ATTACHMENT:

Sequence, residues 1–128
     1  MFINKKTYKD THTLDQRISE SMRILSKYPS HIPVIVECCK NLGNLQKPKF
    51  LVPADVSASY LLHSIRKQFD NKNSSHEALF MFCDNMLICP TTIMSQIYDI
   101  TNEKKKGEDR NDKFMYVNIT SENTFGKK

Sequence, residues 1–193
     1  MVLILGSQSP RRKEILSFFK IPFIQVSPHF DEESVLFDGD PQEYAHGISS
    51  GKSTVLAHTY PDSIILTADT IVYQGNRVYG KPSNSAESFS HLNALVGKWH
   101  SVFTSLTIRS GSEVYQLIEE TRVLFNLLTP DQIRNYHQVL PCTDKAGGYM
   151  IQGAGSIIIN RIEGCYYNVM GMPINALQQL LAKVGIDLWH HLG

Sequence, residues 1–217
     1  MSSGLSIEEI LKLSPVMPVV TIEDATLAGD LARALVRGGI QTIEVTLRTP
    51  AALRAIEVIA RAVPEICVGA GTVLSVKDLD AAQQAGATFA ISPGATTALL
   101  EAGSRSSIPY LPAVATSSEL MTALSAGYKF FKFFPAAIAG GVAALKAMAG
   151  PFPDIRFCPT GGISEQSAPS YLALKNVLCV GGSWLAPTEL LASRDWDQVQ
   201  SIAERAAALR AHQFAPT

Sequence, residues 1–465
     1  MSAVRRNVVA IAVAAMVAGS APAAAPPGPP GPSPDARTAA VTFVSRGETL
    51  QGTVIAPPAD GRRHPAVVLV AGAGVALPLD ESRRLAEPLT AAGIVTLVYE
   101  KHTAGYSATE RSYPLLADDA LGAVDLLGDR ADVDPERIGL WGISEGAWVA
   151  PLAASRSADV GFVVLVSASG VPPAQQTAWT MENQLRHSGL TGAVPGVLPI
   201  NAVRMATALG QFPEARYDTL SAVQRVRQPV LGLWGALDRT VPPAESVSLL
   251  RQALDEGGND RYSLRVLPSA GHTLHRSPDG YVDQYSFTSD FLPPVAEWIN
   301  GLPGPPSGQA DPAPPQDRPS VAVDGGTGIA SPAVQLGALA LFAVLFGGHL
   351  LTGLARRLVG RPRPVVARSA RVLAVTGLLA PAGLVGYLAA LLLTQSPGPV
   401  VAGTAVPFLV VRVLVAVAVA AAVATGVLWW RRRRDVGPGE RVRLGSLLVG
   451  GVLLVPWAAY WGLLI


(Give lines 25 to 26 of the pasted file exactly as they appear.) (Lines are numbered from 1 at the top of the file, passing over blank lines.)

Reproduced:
   401  VAGTAVPFLV VRVLVAVAVA AAVATGVLWW RRRRDVGPGE RVRLGSLLVG
   451  GVLLVPWAAY WGLLI